Suggested response provided for in-flight medical emergencies
(HealthDay)—In a review article published online Sept. 3 in the New England Journal of Medicine, guidance is offered for physicians providing emergency in-flight medical care.
Jose V. Nable, M.D., from the Georgetown University School of Medicine in Washington, D.C., and colleagues discuss the frequency of in-flight medical emergencies and the potential liabilities surrounding the provision of in-flight medical care.
The authors note that a physician who provides assistance in an in-flight medical emergency creates a doctor-patient relationship, with its associated obligations and liability risk. Liability is usually determined under the laws of the country in which the aircraft is registered. The provider should document care rendered and treatment provided after the event, while being mindful of patient's privacy rights. A suggested approach to handling in-flight emergencies should include asking for permission to treat, if feasible; using an interpreter if necessary, while considering patient privacy; taking a patient history, performing focused physical examination, and obtaining vital signs; administering treatment, with the patient remaining seated while possible; and communication and coordination with ground-based medical resources. The physician should continue to administer care until the condition is stabilized or care is transferred.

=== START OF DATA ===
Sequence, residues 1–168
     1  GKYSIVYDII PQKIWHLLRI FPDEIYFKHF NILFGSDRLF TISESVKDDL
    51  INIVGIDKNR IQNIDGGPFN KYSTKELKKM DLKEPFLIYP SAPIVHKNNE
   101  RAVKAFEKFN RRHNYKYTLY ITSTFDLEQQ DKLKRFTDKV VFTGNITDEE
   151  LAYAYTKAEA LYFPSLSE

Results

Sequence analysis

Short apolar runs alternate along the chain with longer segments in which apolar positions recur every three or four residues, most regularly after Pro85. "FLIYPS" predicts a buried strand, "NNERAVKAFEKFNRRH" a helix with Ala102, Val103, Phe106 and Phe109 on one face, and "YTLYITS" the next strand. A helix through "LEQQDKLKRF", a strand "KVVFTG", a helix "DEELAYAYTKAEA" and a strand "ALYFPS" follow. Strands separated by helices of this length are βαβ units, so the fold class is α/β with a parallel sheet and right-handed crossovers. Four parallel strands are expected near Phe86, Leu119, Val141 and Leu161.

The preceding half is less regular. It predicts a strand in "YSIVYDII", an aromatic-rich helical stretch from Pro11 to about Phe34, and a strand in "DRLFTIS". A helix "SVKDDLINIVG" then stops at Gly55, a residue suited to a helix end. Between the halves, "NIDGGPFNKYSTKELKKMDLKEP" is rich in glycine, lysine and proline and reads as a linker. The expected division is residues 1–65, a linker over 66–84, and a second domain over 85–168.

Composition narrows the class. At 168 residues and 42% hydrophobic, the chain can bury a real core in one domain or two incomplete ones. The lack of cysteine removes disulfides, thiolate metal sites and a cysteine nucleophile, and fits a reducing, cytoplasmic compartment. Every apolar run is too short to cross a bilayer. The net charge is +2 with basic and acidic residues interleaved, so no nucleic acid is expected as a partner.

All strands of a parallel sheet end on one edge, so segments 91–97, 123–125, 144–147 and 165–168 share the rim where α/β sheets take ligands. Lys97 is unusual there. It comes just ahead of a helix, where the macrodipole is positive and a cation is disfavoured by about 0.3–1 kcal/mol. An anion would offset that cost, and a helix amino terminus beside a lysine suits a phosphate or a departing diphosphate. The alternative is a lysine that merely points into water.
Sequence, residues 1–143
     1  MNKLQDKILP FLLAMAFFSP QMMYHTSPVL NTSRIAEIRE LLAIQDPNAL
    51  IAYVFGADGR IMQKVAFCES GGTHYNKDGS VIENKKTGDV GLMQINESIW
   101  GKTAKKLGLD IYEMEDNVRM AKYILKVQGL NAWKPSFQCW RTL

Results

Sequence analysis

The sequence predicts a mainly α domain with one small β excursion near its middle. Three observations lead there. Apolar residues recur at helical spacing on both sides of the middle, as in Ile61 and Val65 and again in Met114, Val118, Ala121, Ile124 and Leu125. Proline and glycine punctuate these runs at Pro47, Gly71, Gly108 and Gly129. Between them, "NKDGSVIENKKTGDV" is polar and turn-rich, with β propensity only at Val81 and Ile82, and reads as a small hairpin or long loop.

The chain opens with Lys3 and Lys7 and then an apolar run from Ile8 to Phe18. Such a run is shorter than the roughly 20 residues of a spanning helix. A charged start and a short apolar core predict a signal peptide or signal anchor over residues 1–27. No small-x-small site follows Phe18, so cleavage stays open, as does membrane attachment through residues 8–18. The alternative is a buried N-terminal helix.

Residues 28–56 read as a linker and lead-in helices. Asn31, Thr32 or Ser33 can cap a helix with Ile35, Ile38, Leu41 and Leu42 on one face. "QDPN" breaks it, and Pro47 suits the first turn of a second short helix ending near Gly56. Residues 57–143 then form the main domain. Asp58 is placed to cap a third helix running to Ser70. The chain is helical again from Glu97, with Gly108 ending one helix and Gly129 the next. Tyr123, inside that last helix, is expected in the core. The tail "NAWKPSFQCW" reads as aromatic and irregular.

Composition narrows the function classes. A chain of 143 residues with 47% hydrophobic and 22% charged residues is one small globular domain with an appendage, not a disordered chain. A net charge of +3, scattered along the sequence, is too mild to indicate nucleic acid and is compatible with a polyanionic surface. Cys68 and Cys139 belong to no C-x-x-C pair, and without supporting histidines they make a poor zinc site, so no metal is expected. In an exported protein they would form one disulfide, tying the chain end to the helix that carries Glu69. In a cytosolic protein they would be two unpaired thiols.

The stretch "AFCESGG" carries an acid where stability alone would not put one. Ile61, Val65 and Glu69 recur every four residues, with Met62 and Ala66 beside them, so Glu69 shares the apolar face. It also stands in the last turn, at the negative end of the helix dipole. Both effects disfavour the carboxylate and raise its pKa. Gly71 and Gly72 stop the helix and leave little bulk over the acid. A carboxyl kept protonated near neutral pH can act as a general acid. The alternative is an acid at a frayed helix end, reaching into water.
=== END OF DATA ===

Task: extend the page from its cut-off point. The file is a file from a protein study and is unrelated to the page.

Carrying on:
"Physicians should be prepared to render care while traveling; physicians must also be aware of the medically austere environment, its related limitations on prudent practice, and the associated liabilities surrounding the delivery of in-flight medical care," the authors write.
One author disclosed financial ties to Allianz Global Assistance.
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